Hospital Books

Had lots of time while recuperating from surgery and read  these books!

Homelands and Waterways   by  Adele Logan Alexander

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A family history that takes you back to the days of slavery and provides more than a chronicle of the Bond family’s move from the  South to Hyde Park. This book gives a comprehensive history or race relations, intermarriage and the changing nation from the antebellum South to the civil rights movement.

John Robert Bond (1846-1905)

John Robert Bond (1846-1905)

The Bond-Logan family had connections at various times with such figures as Booker T. Washington, W.E.B.Dubois and the Grimke family.  The story begins with John Robert Bond, born in Liverpool in  1846 to an Irish mother and a free black father. John Bond  immigrated to the U.S. , joined the Navy and fought in the Civil War until suffering severe injury.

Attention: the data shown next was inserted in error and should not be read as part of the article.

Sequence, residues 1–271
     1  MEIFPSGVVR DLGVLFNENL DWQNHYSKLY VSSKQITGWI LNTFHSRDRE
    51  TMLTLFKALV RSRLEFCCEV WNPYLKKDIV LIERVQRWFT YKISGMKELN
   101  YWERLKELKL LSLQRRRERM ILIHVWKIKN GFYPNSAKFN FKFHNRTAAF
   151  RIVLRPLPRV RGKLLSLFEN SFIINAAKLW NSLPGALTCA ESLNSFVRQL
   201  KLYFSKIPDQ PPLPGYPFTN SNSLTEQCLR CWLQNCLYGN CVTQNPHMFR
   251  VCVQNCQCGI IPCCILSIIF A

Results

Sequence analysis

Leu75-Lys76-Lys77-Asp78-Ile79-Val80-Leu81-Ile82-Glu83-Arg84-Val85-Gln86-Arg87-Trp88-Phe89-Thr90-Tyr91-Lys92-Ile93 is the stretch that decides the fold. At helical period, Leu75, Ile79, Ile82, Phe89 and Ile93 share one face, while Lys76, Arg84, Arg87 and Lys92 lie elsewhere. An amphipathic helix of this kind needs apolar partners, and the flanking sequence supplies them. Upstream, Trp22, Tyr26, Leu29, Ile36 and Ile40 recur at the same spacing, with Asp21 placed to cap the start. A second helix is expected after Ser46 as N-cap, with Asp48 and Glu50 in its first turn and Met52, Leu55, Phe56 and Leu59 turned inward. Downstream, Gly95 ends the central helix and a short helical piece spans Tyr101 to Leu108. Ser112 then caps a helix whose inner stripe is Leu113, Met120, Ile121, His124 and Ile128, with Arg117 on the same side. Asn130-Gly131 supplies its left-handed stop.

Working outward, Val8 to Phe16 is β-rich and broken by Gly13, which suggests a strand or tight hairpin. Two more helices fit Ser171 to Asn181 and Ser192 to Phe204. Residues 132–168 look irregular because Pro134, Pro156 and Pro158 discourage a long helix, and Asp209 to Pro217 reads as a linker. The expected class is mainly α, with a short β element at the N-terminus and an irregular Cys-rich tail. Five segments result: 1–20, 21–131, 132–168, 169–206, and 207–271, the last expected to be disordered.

One review has stated

a monumental history that traces the rise of an African-American family (the author’s own) from poverty to the middle class, exploding the stereotypes that have shaped and distorted our thinking about African Americans, both as slaves and in freedom.

http://www.civilwar.org/education/history/on-the-homefront/literature/homelands.html

The Mole People: Life in the Tunnels Beneath New York City        by Jennifer Toth

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This was my second favorite of all the books I took into the hospital. It was amazing to realize so many people are living down there, creating controlled communities with leaders and a code of behavior. Not to say that there isn’t violence, filth and lawlessness.

Homeless people who fear abuse in shelters and prefer the underground, runaway kids surviving as a group where the older looks after the younger ones and finally those who dwell at the deepest level and never come out. The are said to have webbed feet and survive on rats and garbage.